In the last week or so I’ve heard several people refer to Professor Adam Grant’s recent New York Times article entitled “There’s a name for the Blah you’re feeling: It’s called Languishing”. The article and its contents seemed to resonate – not only in terms of the emotional experience many people are feeling at this time, but the word itself seemed to stick. I found this particularly interesting as I’ve been using the term for close to 20 years now and I’ve experienced a similar effect in my workshops as people recognised that perhaps they weren’t clinically depressed however they weren’t really flourishing. Thank you, Adam, for bringing the term and the associated research to a global audience. You truly have a gift for bringing psychological science to life.

A history lesson…

The first time I came across the term “languishing” it was in reference to an article by Professor Corey Keyes, who first introduced the concept (Keyes, 2002).  At the time, it was enlightening for me. As a clinical psychologist in training, my attention had been drawn solely to the identification and treatment of depression and other clinical disorders. On reading Keyes’ article, which had been recommended to me by my supervisor at the time, Professor Lindsay Oades, a whole new world of mental health opened up. I began to realise that my role as a psychologist was not just to treat mental illness but to prevent it – and promote mental health and wellbeing more broadly. Hence my movement into the fields of Coaching Psychology and Positive Psychology.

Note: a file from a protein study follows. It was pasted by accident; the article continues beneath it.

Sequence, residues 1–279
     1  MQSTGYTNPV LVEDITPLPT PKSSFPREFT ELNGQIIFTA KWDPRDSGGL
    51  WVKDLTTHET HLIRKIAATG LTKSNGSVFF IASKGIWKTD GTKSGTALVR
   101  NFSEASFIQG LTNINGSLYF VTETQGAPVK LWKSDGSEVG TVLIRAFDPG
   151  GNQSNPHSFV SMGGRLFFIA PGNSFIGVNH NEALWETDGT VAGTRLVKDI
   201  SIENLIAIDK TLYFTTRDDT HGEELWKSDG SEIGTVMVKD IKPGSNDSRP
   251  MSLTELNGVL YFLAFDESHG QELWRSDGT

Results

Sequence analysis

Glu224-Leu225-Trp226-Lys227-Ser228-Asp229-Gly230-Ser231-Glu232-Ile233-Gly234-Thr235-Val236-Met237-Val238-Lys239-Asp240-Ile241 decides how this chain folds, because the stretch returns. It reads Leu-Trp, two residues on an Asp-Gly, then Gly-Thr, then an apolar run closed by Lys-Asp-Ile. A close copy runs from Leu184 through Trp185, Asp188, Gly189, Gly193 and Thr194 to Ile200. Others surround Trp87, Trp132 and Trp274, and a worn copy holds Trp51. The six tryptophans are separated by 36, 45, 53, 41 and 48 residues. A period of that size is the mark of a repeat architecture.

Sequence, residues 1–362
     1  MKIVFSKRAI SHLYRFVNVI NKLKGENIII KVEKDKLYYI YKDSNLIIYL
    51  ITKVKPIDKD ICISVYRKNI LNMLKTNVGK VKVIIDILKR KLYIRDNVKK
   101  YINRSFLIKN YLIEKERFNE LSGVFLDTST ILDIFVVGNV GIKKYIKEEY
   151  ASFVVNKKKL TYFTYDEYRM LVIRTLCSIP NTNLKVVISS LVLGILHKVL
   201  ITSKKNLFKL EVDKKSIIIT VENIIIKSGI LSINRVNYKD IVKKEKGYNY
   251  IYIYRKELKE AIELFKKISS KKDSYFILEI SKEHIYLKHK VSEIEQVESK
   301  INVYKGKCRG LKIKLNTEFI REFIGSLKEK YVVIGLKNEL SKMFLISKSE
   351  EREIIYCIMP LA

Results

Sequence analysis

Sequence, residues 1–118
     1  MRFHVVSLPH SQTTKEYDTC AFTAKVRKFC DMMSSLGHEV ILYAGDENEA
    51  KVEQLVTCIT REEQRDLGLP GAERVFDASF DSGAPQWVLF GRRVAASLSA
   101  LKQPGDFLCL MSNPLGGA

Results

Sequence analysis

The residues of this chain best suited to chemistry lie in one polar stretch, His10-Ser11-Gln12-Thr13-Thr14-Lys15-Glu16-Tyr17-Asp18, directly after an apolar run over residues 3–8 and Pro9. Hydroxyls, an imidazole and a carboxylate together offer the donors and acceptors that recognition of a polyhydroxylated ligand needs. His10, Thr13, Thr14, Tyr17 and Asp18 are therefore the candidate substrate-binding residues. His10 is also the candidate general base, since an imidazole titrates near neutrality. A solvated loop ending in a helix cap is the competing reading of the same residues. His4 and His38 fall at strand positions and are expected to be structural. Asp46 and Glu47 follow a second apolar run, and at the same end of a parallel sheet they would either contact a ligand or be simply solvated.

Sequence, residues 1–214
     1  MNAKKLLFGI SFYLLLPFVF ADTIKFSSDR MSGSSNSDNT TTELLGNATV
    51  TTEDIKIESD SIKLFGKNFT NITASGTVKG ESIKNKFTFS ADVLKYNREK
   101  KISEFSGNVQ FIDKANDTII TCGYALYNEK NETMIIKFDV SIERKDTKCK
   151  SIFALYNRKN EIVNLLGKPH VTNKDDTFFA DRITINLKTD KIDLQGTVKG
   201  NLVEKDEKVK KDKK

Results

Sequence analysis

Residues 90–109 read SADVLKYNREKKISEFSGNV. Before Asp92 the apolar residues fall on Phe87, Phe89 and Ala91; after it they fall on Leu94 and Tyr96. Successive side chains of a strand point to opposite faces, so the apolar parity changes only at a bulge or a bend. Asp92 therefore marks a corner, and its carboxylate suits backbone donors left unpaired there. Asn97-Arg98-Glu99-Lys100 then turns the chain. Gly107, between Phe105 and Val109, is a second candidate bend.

Keyes, and others, presented and argued for a “complete state of mental health”. He argued (Ryff & Keyes, 1995, Keyes & Lopez, 2002) that mental health is not merely the absence of mental illness – nor is it simply the presence of high levels of well-being. He suggested that mental health is best viewed as a complete state consisting of the presence and the absence of mental illness and mental health symptoms.  Keyes also introduced the concept of “flourishing” at the time – or the “F-word” as we like to call it in Positive Psychology!

Keyes suggested that adults with complete mental health are flourishing in life with high levels of well-being. To be flourishing is to be filled with positive emotion and to be functioning well psychologically and socially. Whereas adults with incomplete mental health are languishing in life with low well-being.

No alt text provided for this image

Figure 1. Dual continua model ( Keyes & Lopez , 2002) 

Keyes suggested that languishing may be conceived of as emptiness and stagnation, constituting a life of quiet despair that parallels accounts of individuals who describe themselves and life as “hollow,” “empty,” “a shell,” and “a void” (see Cushman, 1990; Keyes, 2003; Levy, 1984; Singer, 1977). Keyes described those who are languishing as not mentally ill but showing few signs of mental health. In my work, I’ve also drawn parallels to the concepts of absenteeism and presenteeism in the workplace. Languishing to me is like presenteeism – there but not there! In fact, I would suggest that perhaps what’s underpinning presenteeism is in fact languishing!

The introduction of these concepts and terms has not only been powerful in terms of my own broadening understanding of mental health but for those I’ve worked with at an individual and collective level. They form part of a psychological literacy or what’s increasingly referred to as “wellbeing literary” (Oades et al, 2020).  We know words are powerful and they have the capacity to change how we view ourselves, others and the world.  I’ve seen the introduction of a new vocabulary through education and training in the workplace or schools change lives and help change culture. This growing interest in Positive Psychology in our workplaces, schools and communities helps enhance our emotional, psychological and wellbeing literacy.

Emotion or emotional state?